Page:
Rubiaceae
Galium aparine

Cleavers

Climbing to erect or sprawling. Stems 4-angled when young, brittle. Leaves in whorls of 6–8, round to oval, 1/2–1 1/4 in. long, with tiny, long, sharp point at rounded tip. Leaves have hooked bristles pointing back toward the plant. Flowers white to greenish on spreading stalks clustered in most leaf axils. Seed 2 sessile nutlets covered with hooked bristles. Grows in dry to moist forests, partly shaded areas along beaches, in fields, as a weed in gardens. Most common of all Galium species in Pacific Northwest. The name cleavers means "to cling," in this case by hooked hairs on both leaves and seeds.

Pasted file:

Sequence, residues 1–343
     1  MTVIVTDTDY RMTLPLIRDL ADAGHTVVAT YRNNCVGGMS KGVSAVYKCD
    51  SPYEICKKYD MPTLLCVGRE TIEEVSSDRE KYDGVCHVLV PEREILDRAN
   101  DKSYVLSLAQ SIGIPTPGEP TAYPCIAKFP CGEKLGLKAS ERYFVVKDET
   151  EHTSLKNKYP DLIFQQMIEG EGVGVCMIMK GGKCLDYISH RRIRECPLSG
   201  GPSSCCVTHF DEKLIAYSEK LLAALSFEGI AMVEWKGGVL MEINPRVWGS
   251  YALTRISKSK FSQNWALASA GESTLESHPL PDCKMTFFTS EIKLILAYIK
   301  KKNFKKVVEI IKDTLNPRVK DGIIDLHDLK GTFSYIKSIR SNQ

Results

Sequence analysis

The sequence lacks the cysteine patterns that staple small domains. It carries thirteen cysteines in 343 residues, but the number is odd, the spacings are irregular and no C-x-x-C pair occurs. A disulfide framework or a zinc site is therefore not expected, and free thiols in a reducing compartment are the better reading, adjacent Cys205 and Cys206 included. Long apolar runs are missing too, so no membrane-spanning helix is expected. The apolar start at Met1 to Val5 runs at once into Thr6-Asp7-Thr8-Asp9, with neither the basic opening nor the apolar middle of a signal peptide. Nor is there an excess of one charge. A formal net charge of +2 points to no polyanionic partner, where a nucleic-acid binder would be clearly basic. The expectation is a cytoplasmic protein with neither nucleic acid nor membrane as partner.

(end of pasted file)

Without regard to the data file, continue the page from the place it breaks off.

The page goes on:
• Rarity: Locally Common
  • Flowering Time: All Spring And Summer
  • Life Cycle: Annual
  • Height: 8--40 inches
  • Habitat: Meadow, West-Side Forest, East-Side Forest
  • Found In: Siskiyous, East Gorge, West Gorge, Steens, Wallowas, Crater Lake NP, N Cascades NP, Mt. Rainier NP, Olympic NP
  • Native: Yes